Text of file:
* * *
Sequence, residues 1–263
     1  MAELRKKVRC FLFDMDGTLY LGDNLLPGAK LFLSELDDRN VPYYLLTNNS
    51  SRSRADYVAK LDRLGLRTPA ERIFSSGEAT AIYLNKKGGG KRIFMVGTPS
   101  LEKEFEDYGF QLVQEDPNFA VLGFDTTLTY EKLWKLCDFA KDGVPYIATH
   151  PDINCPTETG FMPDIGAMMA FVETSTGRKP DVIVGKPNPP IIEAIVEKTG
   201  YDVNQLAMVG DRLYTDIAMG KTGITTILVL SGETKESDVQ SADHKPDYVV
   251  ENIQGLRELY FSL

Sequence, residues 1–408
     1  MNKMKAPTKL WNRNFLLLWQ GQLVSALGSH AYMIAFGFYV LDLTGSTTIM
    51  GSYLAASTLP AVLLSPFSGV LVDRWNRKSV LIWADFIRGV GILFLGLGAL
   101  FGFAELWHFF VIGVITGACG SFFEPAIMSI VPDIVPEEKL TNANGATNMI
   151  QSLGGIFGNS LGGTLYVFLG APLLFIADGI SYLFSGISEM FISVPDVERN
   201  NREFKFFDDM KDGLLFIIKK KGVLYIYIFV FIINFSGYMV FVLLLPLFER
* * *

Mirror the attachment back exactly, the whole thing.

Sequence, residues 1–263
     1  MAELRKKVRC FLFDMDGTLY LGDNLLPGAK LFLSELDDRN VPYYLLTNNS
    51  SRSRADYVAK LDRLGLRTPA ERIFSSGEAT AIYLNKKGGG KRIFMVGTPS
   101  LEKEFEDYGF QLVQEDPNFA VLGFDTTLTY EKLWKLCDFA KDGVPYIATH
   151  PDINCPTETG FMPDIGAMMA FVETSTGRKP DVIVGKPNPP IIEAIVEKTG
   201  YDVNQLAMVG DRLYTDIAMG KTGITTILVL SGETKESDVQ SADHKPDYVV
   251  ENIQGLRELY FSL

Sequence, residues 1–408
     1  MNKMKAPTKL WNRNFLLLWQ GQLVSALGSH AYMIAFGFYV LDLTGSTTIM
    51  GSYLAASTLP AVLLSPFSGV LVDRWNRKSV LIWADFIRGV GILFLGLGAL
   101  FGFAELWHFF VIGVITGACG SFFEPAIMSI VPDIVPEEKL TNANGATNMI
   151  QSLGGIFGNS LGGTLYVFLG APLLFIADGI SYLFSGISEM FISVPDVERN
   201  NREFKFFDDM KDGLLFIIKK KGVLYIYIFV FIINFSGYMV FVLLLPLFER